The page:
• TeaforTwo

      This is exactly how I feel about cheating. Monogamy isn’t the core value of my marriage. We’re not non-monogamous, because that doesn’t feel like a priority either, but sexual exclusivity just isn’t the bedrock of our partnership.

      I would be more offended than if my husband wanted to have separate bank accounts than if he slept with someone else. I know that many, many commenters here and people in general do have separate bank accounts and happy marriages. I use that example deliberately, because people want different things from their partnerships, and that’s fine.

      • Eenie

        Another example: I’d much prefer my fiance sleep with someone else than develop a friendship that crosses emotional lines into relationship territory. We value our emotional relationship higher than our physical one.

      • Anon for this post

        “people want different things from their partnerships, and that’s fine.”

        – That!

      • InHK

        Related to cheating: when I was younger, and definitely before I got married, I subscribed to the idea that cheating once meant the relationship was over. Now? Heck no. If my husband hooked up with another woman, it would be a conversation and we’d go from there.

  • Nell

    Another question. . . Where is the LW getting the info about the fight between her son and his partner? My best guess is that this is all being filtered through her daughters.

    My #1 piece of advice is to stop talking to your daughters about what goes on between your son and his partner. Regardless of what you decide to do about the wedding, or your relationship with your son, talking about it behind his back with your other children will only lead to pain.

    • EF

      RIGHT. Like, if she’s getting told the gist of a conversation, most likely private, between her son and his fiancee, it’s going to be like third or fourth hand accounts. That is not at all reliable.

      Also, can I just point out, cheating =/= not loving someone. Lots and lots of people love their partners, but suck at monogamy. Lots of partners don’t care as much about monogamy. Lots of couples work this out. And there’s nothing wrong with ANY of that. The mother trying to force *her* ideals of marriage on her son’s relationship, though? That one isn’t okay.

  • Kay

    Please leave your poor daughters out of this. Don’t pressure them for information, and don’t ruin their relationship with their brother by making them choose between you and him. Nobody can win in this set-up.

    • Theresa Hendrick


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    • Rita Sanchez


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  • anon

    My brother’s marriage fell apart devastatingly and spectacularly when I was about 23 years old (he was young as well). He did some pretty hard to forgive things and we were honestly all pretty hurt and betrayed that someone we thought we knew so well could be so … wrong. In the immediate aftermath my mom really sided with his ex-wife, mostly because there was a kid involved and she didn’t want to lose that relationship. They had also been together for a long time, so we had close relationships to his ex, but the fact that no one from our family was really there for my brother when he too was clearly going through a rough time did some real damage to everyone’s relationships (even if he was maybe “in the wrong”). The fact is now, almost a decade later, he is remarried in a good marriage, and we don’t have any real contact with his ex-wife. I’ve been able to look back on that time with some helpful clarity from my now husband who wasn’t around and didn’t have to go through the hurt, and truth is, we were in the wrong. We were hurt and felt betrayed but ultimately the relationship that is going to stick around is the one that is blood, and I wish we had all had a little more grace for him, even if it would have been “you are an idiot do you need a place to stay” style grace. I understand how hurt the mother is in the case and how angry and betrayed she feels by her own blood, but this isn’t really about her, and if the wedding is happening I think 10 years from now you will be happy you went.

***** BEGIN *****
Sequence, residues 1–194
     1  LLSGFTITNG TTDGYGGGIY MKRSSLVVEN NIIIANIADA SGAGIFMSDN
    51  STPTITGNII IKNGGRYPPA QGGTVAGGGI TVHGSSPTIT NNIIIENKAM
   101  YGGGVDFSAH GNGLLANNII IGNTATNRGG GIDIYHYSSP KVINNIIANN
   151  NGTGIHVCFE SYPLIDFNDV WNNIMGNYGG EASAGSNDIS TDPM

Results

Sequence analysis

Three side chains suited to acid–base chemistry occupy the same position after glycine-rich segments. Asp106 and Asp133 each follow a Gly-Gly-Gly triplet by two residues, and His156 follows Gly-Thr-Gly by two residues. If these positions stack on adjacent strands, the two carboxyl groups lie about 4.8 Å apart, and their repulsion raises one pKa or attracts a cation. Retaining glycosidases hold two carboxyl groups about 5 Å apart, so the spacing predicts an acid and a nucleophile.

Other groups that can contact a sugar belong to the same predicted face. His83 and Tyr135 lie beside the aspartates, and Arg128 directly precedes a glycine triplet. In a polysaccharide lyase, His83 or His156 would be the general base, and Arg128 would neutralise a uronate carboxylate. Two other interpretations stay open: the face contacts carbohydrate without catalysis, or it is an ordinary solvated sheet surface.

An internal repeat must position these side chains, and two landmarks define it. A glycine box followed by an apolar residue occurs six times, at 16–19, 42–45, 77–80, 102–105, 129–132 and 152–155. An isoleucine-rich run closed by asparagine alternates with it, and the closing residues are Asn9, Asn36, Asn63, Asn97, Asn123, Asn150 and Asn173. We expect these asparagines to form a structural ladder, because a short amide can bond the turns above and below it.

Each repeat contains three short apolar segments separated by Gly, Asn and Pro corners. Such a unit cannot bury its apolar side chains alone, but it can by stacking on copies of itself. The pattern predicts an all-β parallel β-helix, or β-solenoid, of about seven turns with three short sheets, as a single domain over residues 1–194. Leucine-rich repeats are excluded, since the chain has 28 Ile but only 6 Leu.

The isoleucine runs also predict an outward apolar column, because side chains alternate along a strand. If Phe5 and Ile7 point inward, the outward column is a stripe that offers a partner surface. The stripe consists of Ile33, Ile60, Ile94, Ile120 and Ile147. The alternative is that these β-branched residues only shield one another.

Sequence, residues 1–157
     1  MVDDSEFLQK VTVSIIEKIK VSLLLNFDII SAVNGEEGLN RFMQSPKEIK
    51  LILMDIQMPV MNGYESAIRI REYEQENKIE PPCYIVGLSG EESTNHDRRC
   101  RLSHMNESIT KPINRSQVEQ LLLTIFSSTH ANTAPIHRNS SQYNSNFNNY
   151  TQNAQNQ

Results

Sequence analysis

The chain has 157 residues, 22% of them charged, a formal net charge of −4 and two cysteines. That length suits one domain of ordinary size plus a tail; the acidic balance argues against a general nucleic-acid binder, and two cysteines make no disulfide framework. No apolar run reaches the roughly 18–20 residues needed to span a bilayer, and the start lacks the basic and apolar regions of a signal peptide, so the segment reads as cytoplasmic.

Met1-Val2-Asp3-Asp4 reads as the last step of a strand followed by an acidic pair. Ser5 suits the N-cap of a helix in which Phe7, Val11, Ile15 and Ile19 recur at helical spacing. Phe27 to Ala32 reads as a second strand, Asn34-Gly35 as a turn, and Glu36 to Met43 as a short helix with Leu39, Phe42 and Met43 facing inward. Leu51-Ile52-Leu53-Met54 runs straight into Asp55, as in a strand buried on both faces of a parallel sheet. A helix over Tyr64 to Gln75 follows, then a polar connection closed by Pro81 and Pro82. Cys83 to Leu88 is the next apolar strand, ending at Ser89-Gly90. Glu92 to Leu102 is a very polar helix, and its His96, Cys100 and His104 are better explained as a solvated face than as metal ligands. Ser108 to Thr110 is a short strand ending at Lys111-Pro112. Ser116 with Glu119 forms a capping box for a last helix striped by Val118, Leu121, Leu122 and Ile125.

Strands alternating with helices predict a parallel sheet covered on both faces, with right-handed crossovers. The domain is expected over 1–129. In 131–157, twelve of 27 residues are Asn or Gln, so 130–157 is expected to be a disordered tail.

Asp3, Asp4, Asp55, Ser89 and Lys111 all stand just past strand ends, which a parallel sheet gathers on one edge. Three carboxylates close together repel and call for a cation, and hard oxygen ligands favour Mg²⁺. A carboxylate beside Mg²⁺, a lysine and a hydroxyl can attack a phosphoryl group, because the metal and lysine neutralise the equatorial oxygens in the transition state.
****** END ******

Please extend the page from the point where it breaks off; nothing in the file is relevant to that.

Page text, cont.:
• Sara

    To be honest, I don’t see how you not going to your son’s wedding will help anyone. He knows your opinion. His fiancee clearly knows your opinion. Your daughters know how you feel. By insisting on being heard about your assumptions about his relationship, you’ve created a wall of hurt between you and your son. Not attending is only going to build that wall higher. Go, be civil, have fun and if it ends poorly, don’t say ‘I told you so’.

  • MABie